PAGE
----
The role of the teacher - why effective learner-centred grammar teaching does not constitute an abdication of responsibility on the part of the teacher, and still necessitates a degree of teacher 'control', if 'interlanguage stretching' as opposed to fossilization, is to take place

The provision of students with highly persona used, cognitively and affectively engaging, and contextually relevant conditions for encountering and eventually proceduralising new' structures leads into a final, important issue - the role of the teacher. If it is to be effective, the kind of learner-centred teaching I have been exploring, rather than resulting in a complete abdication of responsibility and control on the part of the teacher, actually requires him/her to maintain an active, if different, role, whereby he/she will need to develop new', sometimes quite complex, skills and exercise a new' type of 'control' in the classroom.
This new type of control will probably manifest itself mainly in the design and manipulation of the tasks given to students, in many of the ways already outlined above and explored by Batstone (1994) and Skehan (1994), who identify a number of ways in which teachers can manipulate task conditions and features, at the pre-, while, and post-task stages, as well as, in the case of Skehan, at syllabus level.

Batstone suggests that teachers should pay much closer attention to the language students will need to use in order to perform a task, commenting that, in many activities used in language teaching , 'learners are called on to work 'around' rather than 'with' the target grammar', (Batstone, 1994, p 61), the challenge, once again, being to counteract fossilization and encourage 'interlanguage stretching' on the part of students. (Batstone, 1994, p 7&, referring to Long, 1959, p 1~)

However, it is also important to remember that this 'interlanguage stretching' is a gradual process, approached with a degree of sensitivity on the part of the teacher, avoiding the overloading of students, hence Batstone's and Skehan's advocation of modifying the pressure on one task element at a time (sometimes providing more time pressure, at others less topic familiarity, for example), only slowly building up to an increase of pressure on all fronts, in order to assist learners in eventually achieving full 'proceduralisation' and automation' of the skills involved in language deployment that is both fluent and accurate. (Keith Johnson quite succinctly compares this process to the experience of a novice pilot in an aircraft simulator, (Johnson, 1994, p 127)).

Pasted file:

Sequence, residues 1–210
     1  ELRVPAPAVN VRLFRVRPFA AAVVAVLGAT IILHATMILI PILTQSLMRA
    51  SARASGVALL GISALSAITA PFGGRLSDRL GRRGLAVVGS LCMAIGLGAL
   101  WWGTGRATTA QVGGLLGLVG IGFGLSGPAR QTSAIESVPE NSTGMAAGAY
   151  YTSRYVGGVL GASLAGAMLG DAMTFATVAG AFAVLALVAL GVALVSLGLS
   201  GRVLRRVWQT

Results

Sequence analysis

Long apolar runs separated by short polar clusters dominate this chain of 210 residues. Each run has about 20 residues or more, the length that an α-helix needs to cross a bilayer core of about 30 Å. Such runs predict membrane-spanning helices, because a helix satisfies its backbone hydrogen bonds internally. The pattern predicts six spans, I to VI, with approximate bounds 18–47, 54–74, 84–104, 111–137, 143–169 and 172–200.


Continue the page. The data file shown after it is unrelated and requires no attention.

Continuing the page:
Skehan also advocates sensitivity to different types of learner in balancing the approach taken, commenting that 'the ideal combination for learners whose natural predisposition in towards analysis would be informality of learning situation', whereas 'memory-oriented learners might complement more analytic learning situations'. (Skehan, 1997, p 188)


In conclusion, there are many issues for teachers to consider in an attempt to render the teaching of grammar both more learner-centred and more effective, not least their own role in the choice, modification and pacing of tasks; in the provision of ample opportunities for 'noticing', 're-noticing' and 'working with' different structures; and in their sensitivity to different students' learning styles and pace. Research into the best ways in which these goals can be achieved is still ongoing. In the meantime, however, teachers should retain an eclectic and open-minded approach, whereby, with a degree of experimentation, and sensitivity to and close vigilation of their students, they can attempt to create the best possible conditions in which accuracy and fluency of language use can be developed simultaneously and complimentarily.